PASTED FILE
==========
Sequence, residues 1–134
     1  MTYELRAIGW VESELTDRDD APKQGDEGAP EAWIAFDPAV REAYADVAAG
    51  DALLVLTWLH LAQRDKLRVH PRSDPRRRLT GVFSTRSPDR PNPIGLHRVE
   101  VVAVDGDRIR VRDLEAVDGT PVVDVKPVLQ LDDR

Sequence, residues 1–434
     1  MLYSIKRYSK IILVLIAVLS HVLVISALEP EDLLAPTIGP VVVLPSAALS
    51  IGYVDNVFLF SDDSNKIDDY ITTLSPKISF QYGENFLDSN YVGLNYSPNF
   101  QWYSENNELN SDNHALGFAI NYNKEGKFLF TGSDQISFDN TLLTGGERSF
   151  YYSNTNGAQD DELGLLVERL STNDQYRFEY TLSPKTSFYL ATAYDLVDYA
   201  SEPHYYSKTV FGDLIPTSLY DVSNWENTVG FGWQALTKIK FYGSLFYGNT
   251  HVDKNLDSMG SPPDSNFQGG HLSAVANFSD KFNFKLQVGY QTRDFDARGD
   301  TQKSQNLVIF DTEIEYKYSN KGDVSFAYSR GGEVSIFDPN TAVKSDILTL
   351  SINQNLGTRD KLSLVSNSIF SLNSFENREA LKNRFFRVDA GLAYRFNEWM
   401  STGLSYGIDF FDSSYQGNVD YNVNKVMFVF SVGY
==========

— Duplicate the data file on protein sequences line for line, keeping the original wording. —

Sequence, residues 1–134
     1  MTYELRAIGW VESELTDRDD APKQGDEGAP EAWIAFDPAV REAYADVAAG
    51  DALLVLTWLH LAQRDKLRVH PRSDPRRRLT GVFSTRSPDR PNPIGLHRVE
   101  VVAVDGDRIR VRDLEAVDGT PVVDVKPVLQ LDDR

Sequence, residues 1–434
     1  MLYSIKRYSK IILVLIAVLS HVLVISALEP EDLLAPTIGP VVVLPSAALS
    51  IGYVDNVFLF SDDSNKIDDY ITTLSPKISF QYGENFLDSN YVGLNYSPNF
   101  QWYSENNELN SDNHALGFAI NYNKEGKFLF TGSDQISFDN TLLTGGERSF
   151  YYSNTNGAQD DELGLLVERL STNDQYRFEY TLSPKTSFYL ATAYDLVDYA
   201  SEPHYYSKTV FGDLIPTSLY DVSNWENTVG FGWQALTKIK FYGSLFYGNT
   251  HVDKNLDSMG SPPDSNFQGG HLSAVANFSD KFNFKLQVGY QTRDFDARGD
   301  TQKSQNLVIF DTEIEYKYSN KGDVSFAYSR GGEVSIFDPN TAVKSDILTL
   351  SINQNLGTRD KLSLVSNSIF SLNSFENREA LKNRFFRVDA GLAYRFNEWM
   401  STGLSYGIDF FDSSYQGNVD YNVNKVMFVF SVGY